New owner of the US partner in global e-learning scheme may withdraw cash support, reports Geoff Maslen
The future of an online university established by the Universitas 21 international consortium is uncertain because its American partner, Thomson Learning, is being split in three and the divisions sold off.
U21Global was set up five years ago to deliver masters and graduate diploma courses over the web. It launched its first MBA in 2003 and has 3,000 students based mostly in India, China and the Middle East.
It is a joint venture between Universitas 21's 19 research-intensive universities and Thomson Learning, owned by the giant Canadian-American company Thomson Corporation, with both sides contributing $25 million (£12.7 million) each.
It is unclear whether the future owner of the higher education division will want to invest in U21Global - which is not expected to make a profit until 2008.
Universitas 21 was initiated in 1997 by Alan Gilbert, vice-chancellor of Manchester University, when he headed the University of Melbourne. Four UK universities are members: Birmingham, Edinburgh, Glasgow and Nottingham.
Professor Gilbert floated the idea of a virtual university to tap into what was claimed to be a $200 billion a year industry of unmet demand for higher education from 32 million students.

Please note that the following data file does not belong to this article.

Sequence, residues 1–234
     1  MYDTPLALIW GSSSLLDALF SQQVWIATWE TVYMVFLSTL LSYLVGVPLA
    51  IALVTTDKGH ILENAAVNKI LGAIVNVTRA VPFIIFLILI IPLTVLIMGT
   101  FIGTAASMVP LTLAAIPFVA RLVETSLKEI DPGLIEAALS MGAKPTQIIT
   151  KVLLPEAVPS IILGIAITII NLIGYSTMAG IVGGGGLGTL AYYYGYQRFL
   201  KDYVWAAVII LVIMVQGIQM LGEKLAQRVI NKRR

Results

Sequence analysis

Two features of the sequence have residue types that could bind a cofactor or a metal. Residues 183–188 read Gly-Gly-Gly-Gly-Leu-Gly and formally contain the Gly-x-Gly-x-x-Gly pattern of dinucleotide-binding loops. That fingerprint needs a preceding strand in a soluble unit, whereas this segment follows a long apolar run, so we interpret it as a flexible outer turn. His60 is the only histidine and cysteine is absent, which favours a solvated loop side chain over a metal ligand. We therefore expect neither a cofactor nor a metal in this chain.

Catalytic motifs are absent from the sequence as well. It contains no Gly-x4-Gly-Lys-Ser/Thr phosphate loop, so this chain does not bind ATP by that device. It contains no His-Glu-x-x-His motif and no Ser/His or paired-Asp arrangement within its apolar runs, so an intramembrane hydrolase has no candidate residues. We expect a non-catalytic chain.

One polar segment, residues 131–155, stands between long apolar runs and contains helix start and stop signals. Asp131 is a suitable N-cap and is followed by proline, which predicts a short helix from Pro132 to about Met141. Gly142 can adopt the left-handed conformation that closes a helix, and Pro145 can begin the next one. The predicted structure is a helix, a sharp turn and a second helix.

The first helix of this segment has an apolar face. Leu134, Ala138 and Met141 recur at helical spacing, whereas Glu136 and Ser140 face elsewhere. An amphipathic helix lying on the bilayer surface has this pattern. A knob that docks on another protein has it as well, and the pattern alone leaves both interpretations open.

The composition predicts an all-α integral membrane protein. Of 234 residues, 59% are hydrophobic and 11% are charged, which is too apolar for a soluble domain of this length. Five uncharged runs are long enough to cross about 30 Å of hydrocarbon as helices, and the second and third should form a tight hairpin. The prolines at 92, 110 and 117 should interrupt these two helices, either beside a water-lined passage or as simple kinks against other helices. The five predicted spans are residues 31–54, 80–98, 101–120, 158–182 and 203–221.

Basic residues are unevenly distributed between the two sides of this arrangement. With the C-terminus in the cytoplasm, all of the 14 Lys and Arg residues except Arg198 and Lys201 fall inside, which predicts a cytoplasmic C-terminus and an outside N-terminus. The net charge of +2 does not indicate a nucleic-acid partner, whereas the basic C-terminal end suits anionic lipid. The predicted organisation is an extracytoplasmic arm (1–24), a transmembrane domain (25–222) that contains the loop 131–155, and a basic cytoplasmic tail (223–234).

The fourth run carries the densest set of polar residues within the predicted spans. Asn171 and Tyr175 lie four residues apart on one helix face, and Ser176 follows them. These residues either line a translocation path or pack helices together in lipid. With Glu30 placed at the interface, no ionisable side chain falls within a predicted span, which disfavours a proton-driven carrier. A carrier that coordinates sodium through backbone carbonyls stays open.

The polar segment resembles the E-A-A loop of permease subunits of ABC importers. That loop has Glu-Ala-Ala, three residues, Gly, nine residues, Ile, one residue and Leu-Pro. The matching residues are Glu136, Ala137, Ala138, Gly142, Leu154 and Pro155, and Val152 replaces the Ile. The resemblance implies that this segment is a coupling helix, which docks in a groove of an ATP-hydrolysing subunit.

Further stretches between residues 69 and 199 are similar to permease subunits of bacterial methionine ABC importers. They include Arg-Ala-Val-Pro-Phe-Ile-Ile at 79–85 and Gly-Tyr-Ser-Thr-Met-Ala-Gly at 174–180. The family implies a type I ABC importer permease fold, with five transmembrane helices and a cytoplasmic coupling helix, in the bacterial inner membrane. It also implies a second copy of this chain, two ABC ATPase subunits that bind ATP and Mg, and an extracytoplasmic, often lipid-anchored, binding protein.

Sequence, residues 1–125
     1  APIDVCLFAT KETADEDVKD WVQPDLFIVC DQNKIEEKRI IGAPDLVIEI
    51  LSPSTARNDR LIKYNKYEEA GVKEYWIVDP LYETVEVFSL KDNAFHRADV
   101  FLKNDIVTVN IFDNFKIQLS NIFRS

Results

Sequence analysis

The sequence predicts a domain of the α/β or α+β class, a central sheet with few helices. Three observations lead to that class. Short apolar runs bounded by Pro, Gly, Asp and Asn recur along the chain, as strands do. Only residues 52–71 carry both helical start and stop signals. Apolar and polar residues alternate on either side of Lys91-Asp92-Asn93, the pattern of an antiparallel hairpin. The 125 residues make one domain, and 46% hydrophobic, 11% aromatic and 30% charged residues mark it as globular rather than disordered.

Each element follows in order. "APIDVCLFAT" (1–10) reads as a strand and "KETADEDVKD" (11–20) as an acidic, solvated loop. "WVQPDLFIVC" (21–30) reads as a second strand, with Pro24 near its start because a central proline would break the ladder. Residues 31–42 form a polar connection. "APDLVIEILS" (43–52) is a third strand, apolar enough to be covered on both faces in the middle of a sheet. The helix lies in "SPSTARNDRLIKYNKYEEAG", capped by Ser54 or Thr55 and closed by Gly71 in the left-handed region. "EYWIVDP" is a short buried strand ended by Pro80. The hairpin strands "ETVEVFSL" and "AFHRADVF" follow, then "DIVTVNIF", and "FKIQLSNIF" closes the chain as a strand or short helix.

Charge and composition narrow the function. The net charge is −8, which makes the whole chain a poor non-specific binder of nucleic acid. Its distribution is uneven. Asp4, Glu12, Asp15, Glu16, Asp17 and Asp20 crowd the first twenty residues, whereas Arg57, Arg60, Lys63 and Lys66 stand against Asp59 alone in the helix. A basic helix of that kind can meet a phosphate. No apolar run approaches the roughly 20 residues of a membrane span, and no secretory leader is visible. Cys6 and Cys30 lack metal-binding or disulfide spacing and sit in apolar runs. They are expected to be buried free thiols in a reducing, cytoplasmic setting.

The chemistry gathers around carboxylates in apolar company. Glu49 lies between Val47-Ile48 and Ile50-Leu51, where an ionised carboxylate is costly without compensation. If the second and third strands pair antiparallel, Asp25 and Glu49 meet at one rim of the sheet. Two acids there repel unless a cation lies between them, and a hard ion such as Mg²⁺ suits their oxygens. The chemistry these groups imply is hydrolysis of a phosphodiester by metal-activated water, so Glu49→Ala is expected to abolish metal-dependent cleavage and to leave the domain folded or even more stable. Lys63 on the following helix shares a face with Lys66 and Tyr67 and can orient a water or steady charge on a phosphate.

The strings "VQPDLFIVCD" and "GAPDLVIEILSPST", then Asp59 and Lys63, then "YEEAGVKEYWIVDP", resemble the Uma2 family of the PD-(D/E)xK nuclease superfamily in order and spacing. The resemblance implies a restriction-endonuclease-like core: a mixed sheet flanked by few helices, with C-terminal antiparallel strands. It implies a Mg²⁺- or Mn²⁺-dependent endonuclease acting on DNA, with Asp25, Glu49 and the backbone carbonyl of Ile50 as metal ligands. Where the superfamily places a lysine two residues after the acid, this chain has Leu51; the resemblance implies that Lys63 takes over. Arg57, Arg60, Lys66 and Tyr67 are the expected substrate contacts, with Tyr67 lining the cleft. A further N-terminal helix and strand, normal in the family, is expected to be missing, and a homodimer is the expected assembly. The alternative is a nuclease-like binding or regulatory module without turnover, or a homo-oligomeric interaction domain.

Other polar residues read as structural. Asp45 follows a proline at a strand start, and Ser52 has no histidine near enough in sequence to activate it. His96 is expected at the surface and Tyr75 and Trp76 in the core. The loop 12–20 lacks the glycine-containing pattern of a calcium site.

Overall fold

Six years ago, he predicted that by 2011 the e-university would enrol more than 500,000 students, with Melbourne alone earning $40 million a year from the sale of courses.
Melbourne has so far contributed more than $15 million to the venture but has yet to see any return on its investment.
Mukesh Aghi, chief executive of U21Global, said he was not concerned about the sale of Thomson Learning. He said: "Thomson Learning sees us as one of the crown jewels in its assets."
* The University of Sydney has clinched a deal potentially worth as much as A$75 million (£30 million) to host a new American studies centre.
Australian Prime Minister John Howard has committed $25 million to the centre and substantial sums are expected to come from industry.